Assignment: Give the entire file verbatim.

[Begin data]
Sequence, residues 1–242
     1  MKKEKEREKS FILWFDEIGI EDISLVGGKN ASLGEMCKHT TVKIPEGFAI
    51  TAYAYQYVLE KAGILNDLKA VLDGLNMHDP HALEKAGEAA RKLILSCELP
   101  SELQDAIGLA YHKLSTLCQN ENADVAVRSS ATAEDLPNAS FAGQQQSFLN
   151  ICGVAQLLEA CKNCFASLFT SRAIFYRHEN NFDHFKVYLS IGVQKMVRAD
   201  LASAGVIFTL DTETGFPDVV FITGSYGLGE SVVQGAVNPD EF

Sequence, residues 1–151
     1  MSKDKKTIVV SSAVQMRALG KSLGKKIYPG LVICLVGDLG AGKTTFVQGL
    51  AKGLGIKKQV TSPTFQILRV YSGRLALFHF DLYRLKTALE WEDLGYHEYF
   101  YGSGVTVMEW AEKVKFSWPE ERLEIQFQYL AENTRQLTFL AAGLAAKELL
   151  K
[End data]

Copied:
Sequence, residues 1–242
     1  MKKEKEREKS FILWFDEIGI EDISLVGGKN ASLGEMCKHT TVKIPEGFAI
    51  TAYAYQYVLE KAGILNDLKA VLDGLNMHDP HALEKAGEAA RKLILSCELP
   101  SELQDAIGLA YHKLSTLCQN ENADVAVRSS ATAEDLPNAS FAGQQQSFLN
   151  ICGVAQLLEA CKNCFASLFT SRAIFYRHEN NFDHFKVYLS IGVQKMVRAD
   201  LASAGVIFTL DTETGFPDVV FITGSYGLGE SVVQGAVNPD EF

Sequence, residues 1–151
     1  MSKDKKTIVV SSAVQMRALG KSLGKKIYPG LVICLVGDLG AGKTTFVQGL
    51  AKGLGIKKQV TSPTFQILRV YSGRLALFHF DLYRLKTALE WEDLGYHEYF
   101  YGSGVTVMEW AEKVKFSWPE ERLEIQFQYL AENTRQLTFL AAGLAAKELL
   151  K